But finding it was all in vain
For him admittance to obtain,
Thought it were best, let come what will,
To gain an entry by his skill.
So while St. Peter stood aside,
To let the door be opened wide,
He skimmed his hat with all his strength Within the gate to no small length.
St. Peter stared; the lawyer asked him "Only to fetch his hat," and passed him;
But when he reached the jack he'd thrown, Oh, then was all the lawyer shown;
He clapt it on, and arms akembo
(As if he had been the gallant Bembo),
The celestial courts having devised no process of ejectment that could be employed in this unlooked-for emergency, St. Peter hastily withdrew to take counsel's opinion; and during his absence Mr. Flaw firmly established himself in the realms of bliss, where he remains to this day the black sheep of the saintly family.
But though a flippant humorist in these later times could deride the lawyer as a character who had better not force his way into heaven, since he would not find a single personal acquaintance amongst its inhabitants, in more remote days lawyers achieved the honors of canonization, and our forefathers sought their saintly intercession with devout fervor. Our calendars still regard the 15th of July as a sacred day, in memory of the holy Swithin, who was tutor to King Ethelwulf and King Alfred, and Chancellor of England, and who certainly deserved his elevation to the fellowship of saints, even had his title to the honor rested solely on a remarkable act which he performed in the exercise of his judicial functions. A familiar set of nursery rhymes sets forth the utter inability of all the King's horses and men to re-form the shattered Humpty-Dumpty, when his rotund highness had fallen from a wall; but when a wretched market-woman, whose entire basketful of new-laid eggs had been wilfully smashed by an enemy, sought in her trouble the aid of Chancery, the holy Chancellor Swithin miraculously restored each broken shell to perfect shape, each yolk to soundness. Saith William of Malmesbury, recounting this marvellous achievement-"statimque porrecto crucis signo, fracturam omnium ovorum consolidat."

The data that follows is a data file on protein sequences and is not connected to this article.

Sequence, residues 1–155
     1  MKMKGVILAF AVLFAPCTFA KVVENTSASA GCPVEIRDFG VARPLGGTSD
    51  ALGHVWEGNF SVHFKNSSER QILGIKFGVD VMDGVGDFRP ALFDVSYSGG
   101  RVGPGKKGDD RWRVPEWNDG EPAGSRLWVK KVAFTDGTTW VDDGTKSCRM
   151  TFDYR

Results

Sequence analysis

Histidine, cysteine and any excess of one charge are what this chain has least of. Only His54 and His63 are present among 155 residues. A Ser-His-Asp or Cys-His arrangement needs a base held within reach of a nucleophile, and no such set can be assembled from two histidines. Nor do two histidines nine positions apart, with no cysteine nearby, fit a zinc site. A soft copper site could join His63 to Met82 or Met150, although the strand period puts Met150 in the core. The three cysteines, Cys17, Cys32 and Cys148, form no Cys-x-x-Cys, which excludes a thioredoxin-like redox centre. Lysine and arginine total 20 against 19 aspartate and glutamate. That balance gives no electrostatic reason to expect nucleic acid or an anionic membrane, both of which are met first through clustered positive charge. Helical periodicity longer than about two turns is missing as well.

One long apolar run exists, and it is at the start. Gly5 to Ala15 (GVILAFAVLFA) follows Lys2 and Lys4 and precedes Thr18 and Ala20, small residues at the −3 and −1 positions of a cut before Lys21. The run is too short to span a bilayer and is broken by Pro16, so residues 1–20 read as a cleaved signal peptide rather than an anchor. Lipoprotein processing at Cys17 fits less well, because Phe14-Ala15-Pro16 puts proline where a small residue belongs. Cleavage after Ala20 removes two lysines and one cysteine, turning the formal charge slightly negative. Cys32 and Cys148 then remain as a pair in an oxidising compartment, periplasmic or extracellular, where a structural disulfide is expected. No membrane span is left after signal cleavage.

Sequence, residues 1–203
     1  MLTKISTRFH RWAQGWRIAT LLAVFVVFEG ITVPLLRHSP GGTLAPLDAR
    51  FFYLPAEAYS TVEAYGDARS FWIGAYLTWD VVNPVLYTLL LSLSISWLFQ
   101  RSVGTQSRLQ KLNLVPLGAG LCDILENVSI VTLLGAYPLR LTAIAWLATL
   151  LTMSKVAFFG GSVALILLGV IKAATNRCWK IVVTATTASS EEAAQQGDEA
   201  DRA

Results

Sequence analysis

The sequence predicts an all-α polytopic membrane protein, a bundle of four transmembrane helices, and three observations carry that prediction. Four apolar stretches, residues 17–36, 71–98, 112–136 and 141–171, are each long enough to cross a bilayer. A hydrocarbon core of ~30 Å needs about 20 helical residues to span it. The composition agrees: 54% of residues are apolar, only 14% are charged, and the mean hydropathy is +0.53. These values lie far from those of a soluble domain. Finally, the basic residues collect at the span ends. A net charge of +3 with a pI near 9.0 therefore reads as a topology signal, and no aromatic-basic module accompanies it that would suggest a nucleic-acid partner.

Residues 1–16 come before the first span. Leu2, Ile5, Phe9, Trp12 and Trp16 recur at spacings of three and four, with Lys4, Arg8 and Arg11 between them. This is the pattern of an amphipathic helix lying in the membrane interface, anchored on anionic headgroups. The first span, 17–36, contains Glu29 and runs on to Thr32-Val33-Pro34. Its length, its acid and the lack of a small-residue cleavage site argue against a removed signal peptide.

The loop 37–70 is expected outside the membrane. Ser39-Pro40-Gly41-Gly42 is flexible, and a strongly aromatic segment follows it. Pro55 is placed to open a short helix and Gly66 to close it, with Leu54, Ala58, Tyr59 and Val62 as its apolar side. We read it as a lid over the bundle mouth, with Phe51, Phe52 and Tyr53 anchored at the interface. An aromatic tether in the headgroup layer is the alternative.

Like Chancellor Swithin before him, and like Chancellor Wolsey in a later time, Chancellor Becket was a royal